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20-year jail term upheld for man who killed in-law

By Rana Husseini - Aug 10,2017 - Last updated at Aug 10,2017

AMMAN — The Cassation Court has upheld a March Criminal Court ruling sentencing a man to 20 years in prison after convicting him of murdering one of his in-laws, who had sexually assaulted one of his sisters, in March 2014. 

The court declared the defendant guilty of fatally shooting the victim on March 7 in an Amman neighbourhood and handed him the maximum sentence. 

The tribunal decided to amend the premeditated murder charges originally pressed against the defendant to manslaughter “because the court concluded that he did not plot to murder the victim”.

Court papers said that, almost 10 years before the incident, the victim had been sentenced to 10 years in prison after being convicted of molesting and raping the defendant’s sister.

The victim served his sentence and was released in January 2014.

On March 7, the court maintained, the defendant went to a neighbourhood to visit his friend and spotted the victim “walking in the street and the two exchanged words that became heated”.

“The defendant and the victim began scuffling. The defendant then drew a gun he was carrying and shot the victim multiple times in different parts of his body,” according to court documents.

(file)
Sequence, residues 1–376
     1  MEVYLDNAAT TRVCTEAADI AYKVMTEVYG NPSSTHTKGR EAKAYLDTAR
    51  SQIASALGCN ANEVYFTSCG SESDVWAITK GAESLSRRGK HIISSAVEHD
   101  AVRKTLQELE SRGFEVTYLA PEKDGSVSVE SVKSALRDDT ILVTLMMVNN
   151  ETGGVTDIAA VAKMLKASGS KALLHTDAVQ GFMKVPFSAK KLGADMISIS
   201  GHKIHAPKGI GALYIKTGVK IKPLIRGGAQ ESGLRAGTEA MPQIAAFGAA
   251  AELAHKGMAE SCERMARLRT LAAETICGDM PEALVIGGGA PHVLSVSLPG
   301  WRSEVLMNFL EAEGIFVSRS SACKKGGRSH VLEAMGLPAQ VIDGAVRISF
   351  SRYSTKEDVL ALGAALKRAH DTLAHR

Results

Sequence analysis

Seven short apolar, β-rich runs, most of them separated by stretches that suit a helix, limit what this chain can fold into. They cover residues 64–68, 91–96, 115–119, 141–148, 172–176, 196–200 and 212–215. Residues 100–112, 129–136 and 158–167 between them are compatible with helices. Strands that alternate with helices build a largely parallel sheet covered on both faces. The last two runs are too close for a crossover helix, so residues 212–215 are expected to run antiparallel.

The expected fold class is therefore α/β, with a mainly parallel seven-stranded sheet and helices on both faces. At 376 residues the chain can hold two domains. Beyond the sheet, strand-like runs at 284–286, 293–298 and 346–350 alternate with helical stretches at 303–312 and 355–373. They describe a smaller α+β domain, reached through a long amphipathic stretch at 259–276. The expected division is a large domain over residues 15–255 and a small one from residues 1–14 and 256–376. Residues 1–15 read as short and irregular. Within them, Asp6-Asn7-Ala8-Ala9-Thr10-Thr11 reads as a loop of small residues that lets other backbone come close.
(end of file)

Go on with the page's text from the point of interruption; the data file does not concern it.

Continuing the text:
The defendant had contested the Criminal Court’s ruling and asked for a lesser sentence, since he “committed the murder in a moment of rage, as stipulated in Article 98 of the Jordanian Penal Code”.

“The victim, who is an in-law, sexually assaulted the defendant’s sister… and my client committed the murder in a fit of fury after fighting with him,” the court papers quoted the defendant’s lawyer as saying.

Meanwhile, the Criminal Court’s general attorney appealed the verdict, asking the higher court to consider the case as one of premeditated murder.

The Cassation Court rejected the defendant’s claims that “he committed the murder in a moment of rage”, because “he could have simply left the area instead of fighting and shooting the victim”.

The higher court also stated that the Criminal Court’s general attorney failed to provide any evidence to corroborate his claims that the murder was committed in a premeditated fashion.

The Criminal Court ruled that the proceedings were accurate and correct and that the defendant received the appropriate punishment.


The Cassation Court comprised judges Hisham Tel, Basil Abu Anzeh, Naji Zubi, Mohammad Ibrahim and Mohammad Tarawneh.  

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